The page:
How Does Mediation Compare To Litigation?
Since Florida is a no fault divorce state, there is no need for any specific allegation as grounds for a divorce. The only structure needed for a divorce to proceed in Florida is that both agree that the marriage is irretrievably broken. That phraseology is included in the petition that I generate for people and the Petitioner would sign the petition that requests the court grant the dissolution of the marriage. The other person would be identified as the Respondent, who would respond to the petition and sign a statement that says they agree with the information contained within the Petition, and ask the court to grant the petition to dissolve the marriage.
The petition essentially references the Marital Settlement Agreement and the Parenting Plan, which are the specific details that the two people have worked out between themselves. By virtue of the fact that those who use my services leave with a full set of documents to present to the court, there is no need for any request for production of documents by either side. Thus, the traditional role of the Petitioner in a divorce, based on the complete package that I provide for them, no longer exists. All the required documents are submitted on the same day, at the same time, and the case is ready to be set for the final hearing.
A primary difference between the Petitioner and the Respondent is that the petitioner must attend the brief final hearing whereas the Respondent may attend the final hearing. Either way, every document that is constructed during the course of a mediated divorce does end up in the court record. The final judgment by the Judge is where he or she orders the people to comply with that which they agreed to in their settlement agreement and parenting plan.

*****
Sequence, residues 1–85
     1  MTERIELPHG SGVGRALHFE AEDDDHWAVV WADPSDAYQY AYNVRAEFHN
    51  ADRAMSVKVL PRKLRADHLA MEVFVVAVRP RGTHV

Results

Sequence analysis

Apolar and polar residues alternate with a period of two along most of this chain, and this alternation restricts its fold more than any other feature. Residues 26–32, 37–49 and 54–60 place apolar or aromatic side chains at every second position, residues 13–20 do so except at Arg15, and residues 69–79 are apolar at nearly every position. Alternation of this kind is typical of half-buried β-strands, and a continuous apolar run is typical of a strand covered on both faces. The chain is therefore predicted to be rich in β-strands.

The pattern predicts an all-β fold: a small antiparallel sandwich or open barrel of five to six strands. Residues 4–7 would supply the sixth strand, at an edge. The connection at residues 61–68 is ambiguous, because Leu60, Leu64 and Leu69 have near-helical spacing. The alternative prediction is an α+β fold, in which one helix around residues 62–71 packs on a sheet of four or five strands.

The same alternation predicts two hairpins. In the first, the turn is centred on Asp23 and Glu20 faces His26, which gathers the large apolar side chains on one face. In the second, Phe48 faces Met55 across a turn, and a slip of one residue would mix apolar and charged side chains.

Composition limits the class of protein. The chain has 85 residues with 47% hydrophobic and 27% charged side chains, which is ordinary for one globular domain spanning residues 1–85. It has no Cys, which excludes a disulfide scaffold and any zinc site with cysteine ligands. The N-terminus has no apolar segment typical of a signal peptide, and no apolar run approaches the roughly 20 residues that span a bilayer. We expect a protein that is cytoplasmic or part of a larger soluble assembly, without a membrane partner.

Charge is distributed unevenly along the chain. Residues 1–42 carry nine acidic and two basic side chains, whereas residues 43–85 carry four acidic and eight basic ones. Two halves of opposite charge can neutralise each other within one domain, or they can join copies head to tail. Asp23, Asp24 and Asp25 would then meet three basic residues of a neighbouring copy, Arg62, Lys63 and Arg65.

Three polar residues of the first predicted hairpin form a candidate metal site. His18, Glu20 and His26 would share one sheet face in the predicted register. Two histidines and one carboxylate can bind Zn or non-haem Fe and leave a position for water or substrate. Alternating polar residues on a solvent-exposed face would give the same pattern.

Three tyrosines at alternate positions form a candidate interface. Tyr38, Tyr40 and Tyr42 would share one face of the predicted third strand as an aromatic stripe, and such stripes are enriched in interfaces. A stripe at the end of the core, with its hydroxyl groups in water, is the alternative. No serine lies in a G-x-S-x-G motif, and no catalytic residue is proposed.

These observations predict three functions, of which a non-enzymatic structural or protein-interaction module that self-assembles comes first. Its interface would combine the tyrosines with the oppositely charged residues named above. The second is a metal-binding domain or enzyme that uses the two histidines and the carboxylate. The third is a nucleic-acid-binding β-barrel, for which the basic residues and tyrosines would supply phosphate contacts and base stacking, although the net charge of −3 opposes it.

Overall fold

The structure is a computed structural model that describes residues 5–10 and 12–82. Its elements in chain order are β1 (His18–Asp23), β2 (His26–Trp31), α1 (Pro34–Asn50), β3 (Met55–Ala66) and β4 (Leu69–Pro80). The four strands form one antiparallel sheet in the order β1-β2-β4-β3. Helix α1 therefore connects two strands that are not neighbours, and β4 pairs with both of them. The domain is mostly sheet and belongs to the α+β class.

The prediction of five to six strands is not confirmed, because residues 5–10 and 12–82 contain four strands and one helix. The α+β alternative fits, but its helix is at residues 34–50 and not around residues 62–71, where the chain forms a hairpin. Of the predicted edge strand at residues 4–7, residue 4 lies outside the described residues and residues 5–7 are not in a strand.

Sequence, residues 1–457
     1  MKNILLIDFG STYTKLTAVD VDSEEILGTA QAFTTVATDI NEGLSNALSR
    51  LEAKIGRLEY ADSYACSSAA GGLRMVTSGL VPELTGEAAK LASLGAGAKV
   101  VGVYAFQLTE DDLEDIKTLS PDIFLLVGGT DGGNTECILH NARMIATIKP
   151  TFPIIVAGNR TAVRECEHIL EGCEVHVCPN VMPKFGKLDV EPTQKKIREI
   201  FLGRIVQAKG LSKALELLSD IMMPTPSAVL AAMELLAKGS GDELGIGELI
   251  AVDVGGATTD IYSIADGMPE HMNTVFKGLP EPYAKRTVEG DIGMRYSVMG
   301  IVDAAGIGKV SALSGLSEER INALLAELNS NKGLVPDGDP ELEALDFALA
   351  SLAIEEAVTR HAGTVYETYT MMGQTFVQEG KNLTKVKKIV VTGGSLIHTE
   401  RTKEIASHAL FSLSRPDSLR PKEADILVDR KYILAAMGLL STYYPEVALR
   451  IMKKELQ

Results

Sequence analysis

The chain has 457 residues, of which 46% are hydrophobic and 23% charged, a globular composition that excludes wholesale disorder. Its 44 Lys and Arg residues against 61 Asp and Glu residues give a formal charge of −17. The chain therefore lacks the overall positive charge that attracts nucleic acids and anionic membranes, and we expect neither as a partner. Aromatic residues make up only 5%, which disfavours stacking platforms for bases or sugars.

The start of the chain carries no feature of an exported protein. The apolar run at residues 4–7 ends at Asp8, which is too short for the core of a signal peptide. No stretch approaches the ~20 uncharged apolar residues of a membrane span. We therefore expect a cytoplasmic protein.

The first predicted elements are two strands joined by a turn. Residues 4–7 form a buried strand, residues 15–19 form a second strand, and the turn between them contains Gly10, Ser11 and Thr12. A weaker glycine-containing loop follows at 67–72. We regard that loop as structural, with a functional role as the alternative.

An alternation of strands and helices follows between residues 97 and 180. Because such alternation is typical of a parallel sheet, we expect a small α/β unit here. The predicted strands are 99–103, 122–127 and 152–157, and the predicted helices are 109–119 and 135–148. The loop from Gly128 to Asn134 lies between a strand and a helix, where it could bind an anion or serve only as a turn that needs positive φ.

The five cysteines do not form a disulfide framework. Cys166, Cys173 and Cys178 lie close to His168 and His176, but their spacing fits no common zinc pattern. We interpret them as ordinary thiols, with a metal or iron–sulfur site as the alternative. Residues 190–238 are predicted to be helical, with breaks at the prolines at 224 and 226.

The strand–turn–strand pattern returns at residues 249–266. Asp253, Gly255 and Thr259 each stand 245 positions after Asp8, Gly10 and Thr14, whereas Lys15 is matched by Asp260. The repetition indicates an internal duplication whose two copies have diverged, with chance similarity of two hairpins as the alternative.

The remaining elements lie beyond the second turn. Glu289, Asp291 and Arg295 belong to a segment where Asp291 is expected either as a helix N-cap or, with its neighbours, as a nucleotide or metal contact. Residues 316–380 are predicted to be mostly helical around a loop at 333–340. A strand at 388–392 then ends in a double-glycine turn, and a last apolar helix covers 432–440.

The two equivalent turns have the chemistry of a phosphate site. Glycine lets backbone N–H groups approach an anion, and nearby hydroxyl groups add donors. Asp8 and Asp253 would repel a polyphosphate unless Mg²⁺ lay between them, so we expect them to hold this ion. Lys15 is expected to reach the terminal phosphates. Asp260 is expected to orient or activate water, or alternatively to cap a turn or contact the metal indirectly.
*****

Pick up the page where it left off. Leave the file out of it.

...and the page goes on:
Additional Information On Mediation Process In Florida
My responsibility is to both parties equally…I represent neither one nor the other. Generally, when a party contacts me on the phone and has a discussion about the process of mediation, I always encourage them to invite the other party to call me and have a similar conversation. I am mandated to be neutral and I want both people to understand they have the same access to me. Both will be treated as equals, and both will hopefully come to recognize the rights of the other to come away with a fair negotiated settlement. Part of mediation is about supporting the couple to concentrate on their future and beginning to learn to leave the past behind. Having a background as a therapist helps me to be sensitive to what’s going on with my clients as opposed to merely covering talking points. There’s a turbulence that accompanies divorces for both the adults and the children. The value of a divorce by mediation to the adults is the ability to reduce or eliminate that emotional turbulence, stress, and expense, but the value to the children is immeasurable and becomes evident as the years go by, with the children have been able to enjoy positive and loving relationships with both parents without having to deal with negative statements such as “…your Father / Mother took me to Court and…”.
No one “draws blood” from the other in a mediated divorce settlement because there is nothing to prove. Clients have contacted me several years after their divorce and said that they get along better now than when married, and they can focus on the best interest of their children.
For more information on Mediation As A Legal Process In FL, a free consultation is your next best step. Get the information and legal answers you are seeking by calling (407) 834-5800 today.
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